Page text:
>> higher level. Can this be done with the object approach?
>
> I believe so.  The handle is simply an indirect pointer, no?

Yes, but then the object should also contain size information. That
should not be needed for mapping at higher level.

>> The purpose of that patch series was to perform the separation for PCI
>> BARs. I wasn't so happy with the series, so I never pushed.
>
> In fact I think an IOPort is even more suitable; if we need additional
> attributes we can use a derived object:
>
> struct PCIIOPort {
>    IOPort ioport;
>    /* additional fields */
> };

One issue with my series was that it would be great if the devices
just had some BAR structures (used by PCI layer to map the devices)
inside PCI/qdev structures, but I invented that too late. Maybe this
can be addressed in your design?
Avi Kivity - Oct. 26, 2010, 5:18 p.m.
On 10/26/2010 05:09 PM, Blue Swirl wrote:
> On Tue, Oct 26, 2010 at 8:05 AM, Avi Kivity<avi@redhat.com>  wrote:
> >    On 10/25/2010 08:38 PM, Blue Swirl wrote:
> >>
> >>  >
> >>  >    I don't really see why we need registration; cpu_register_io() takes
> >>  >    function pointers, a size, and an opaque, and gives an integer handle
> >>  >  in
> >>  >    return.  With the IOPort object approach, you set up the IOPort with
> >>  >    function pointers, size is implied, and the opaque is derived using
> >>  >    container_of(); the handle is simply the address of the object.
> >>
> >>  With the handle, we can separate setting up the structures at device
> >>  level, and mapping the object using only the handle at bus or other
> >>  higher level. Can this be done with the object approach?
> >
> >  I believe so.  The handle is simply an indirect pointer, no?
>
> Yes, but then the object should also contain size information. That
> should not be needed for mapping at higher level.

Sorry, I don't follow your meaning.

When I said "size is implied" I meant that the IOPort object has a 
separate function pointer for sizes 1, 2, and 4, so it ioport_register() 
doesn't need a size parameter.  But I don't see how that relates to your 
comment.

> >>  The purpose of that patch series was to perform the separation for PCI
> >>  BARs. I wasn't so happy with the series, so I never pushed.
> >
> >  In fact I think an IOPort is even more suitable; if we need additional
> >  attributes we can use a derived object:
> >
> >  struct PCIIOPort {
> >      IOPort ioport;
> >      /* additional fields */
> >  };
>
> One issue with my series was that it would be great if the devices
> just had some BAR structures (used by PCI layer to map the devices)
> inside PCI/qdev structures, but I invented that too late. Maybe this
> can be addressed in your design?

It looks to be orthogonal.  It would be great to have a BAR object; that 
object can then use your API, my API, or the existing API.
Anthony Liguori - Oct. 26, 2010, 5:27 p.m.
On 10/26/2010 12:18 PM, Avi Kivity wrote:
>  On 10/26/2010 05:09 PM, Blue Swirl wrote:
>> On Tue, Oct 26, 2010 at 8:05 AM, Avi Kivity<avi@redhat.com>  wrote:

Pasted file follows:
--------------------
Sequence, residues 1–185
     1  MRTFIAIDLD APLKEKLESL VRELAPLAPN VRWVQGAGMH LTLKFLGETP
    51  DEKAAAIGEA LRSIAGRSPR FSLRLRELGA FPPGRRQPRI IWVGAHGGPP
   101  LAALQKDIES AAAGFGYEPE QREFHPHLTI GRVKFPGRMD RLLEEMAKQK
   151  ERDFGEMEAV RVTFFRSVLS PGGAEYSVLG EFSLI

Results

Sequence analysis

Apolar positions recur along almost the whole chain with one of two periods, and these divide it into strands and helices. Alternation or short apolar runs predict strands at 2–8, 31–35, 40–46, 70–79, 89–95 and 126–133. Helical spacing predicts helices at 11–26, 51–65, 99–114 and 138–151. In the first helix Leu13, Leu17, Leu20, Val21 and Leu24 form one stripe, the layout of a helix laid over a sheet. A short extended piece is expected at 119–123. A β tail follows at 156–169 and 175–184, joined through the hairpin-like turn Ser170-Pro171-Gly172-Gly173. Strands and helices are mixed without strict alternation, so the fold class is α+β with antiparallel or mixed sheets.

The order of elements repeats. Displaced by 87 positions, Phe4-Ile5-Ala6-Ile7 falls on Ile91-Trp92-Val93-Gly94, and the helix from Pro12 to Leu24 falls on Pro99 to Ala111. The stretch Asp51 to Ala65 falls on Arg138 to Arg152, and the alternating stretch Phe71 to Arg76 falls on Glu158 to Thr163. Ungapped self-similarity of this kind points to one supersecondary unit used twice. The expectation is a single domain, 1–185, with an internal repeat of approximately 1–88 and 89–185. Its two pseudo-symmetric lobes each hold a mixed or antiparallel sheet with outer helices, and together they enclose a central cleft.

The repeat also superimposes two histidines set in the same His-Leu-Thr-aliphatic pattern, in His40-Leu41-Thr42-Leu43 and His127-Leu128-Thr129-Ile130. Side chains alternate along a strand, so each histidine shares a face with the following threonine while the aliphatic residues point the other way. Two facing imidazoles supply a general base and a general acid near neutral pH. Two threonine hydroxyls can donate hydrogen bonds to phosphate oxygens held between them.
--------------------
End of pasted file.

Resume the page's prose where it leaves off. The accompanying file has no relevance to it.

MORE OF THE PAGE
>> >    On 10/25/2010 08:38 PM, Blue Swirl wrote:
>> >>
>> >> >
>> >> >    I don't really see why we need registration; 
>> cpu_register_io() takes
>> >> >    function pointers, a size, and an opaque, and gives an 
>> integer handle
>> >> >  in
>> >> >    return.  With the IOPort object approach, you set up the 
>> IOPort with
>> >> >    function pointers, size is implied, and the opaque is derived 
>> using
>> >> >    container_of(); the handle is simply the address of the object.
>> >>
>> >>  With the handle, we can separate setting up the structures at device
>> >>  level, and mapping the object using only the handle at bus or other
>> >>  higher level. Can this be done with the object approach?
>> >
>> >  I believe so.  The handle is simply an indirect pointer, no?
>>
>> Yes, but then the object should also contain size information. That
>> should not be needed for mapping at higher level.
>
> Sorry, I don't follow your meaning.
>
> When I said "size is implied" I meant that the IOPort object has a 
> separate function pointer for sizes 1, 2, and 4, so it 
> ioport_register() doesn't need a size parameter.  But I don't see how 
> that relates to your comment.

Yeah, I don't think it makes sense to combine "this is how to dispatch 
I/O" with "this is a region of I/O address space".

I think an IORegion should contain an IOPort structure though.  I think 
the name needs rethinking.

Maybe:

struct PortIOHandler;
struct MemoryIOHandler;

And it would be good to add a memory callback to this series too.

Regards,

Anthony Liguori

>> >>  The purpose of that patch series was to perform the separation 
>> for PCI
>> >>  BARs. I wasn't so happy with the series, so I never pushed.
>> >
>> >  In fact I think an IOPort is even more suitable; if we need 
>> additional
>> >  attributes we can use a derived object:
>> >
>> >  struct PCIIOPort {
>> >      IOPort ioport;
>> >      /* additional fields */
>> >  };
>>
>> One issue with my series was that it would be great if the devices
>> just had some BAR structures (used by PCI layer to map the devices)
>> inside PCI/qdev structures, but I invented that too late. Maybe this
>> can be addressed in your design?
>
> It looks to be orthogonal.  It would be great to have a BAR object; 
> that object can then use your API, my API, or the existing API.
>
Avi Kivity - Oct. 26, 2010, 5:35 p.m.
On 10/26/2010 07:27 PM, Anthony Liguori wrote:
>> Sorry, I don't follow your meaning.
>>
>> When I said "size is implied" I meant that the IOPort object has a 
>> separate function pointer for sizes 1, 2, and 4, so it 
>> ioport_register() doesn't need a size parameter.  But I don't see how 
>> that relates to your comment.
>
>
> Yeah, I don't think it makes sense to combine "this is how to dispatch 
> I/O" with "this is a region of I/O address space".

Oh, so Blue meant the size of the region in ports, not the size of the 
individual ports.  I think that putting the range length (but not base 
address) in the IOPort structure may make sense.

>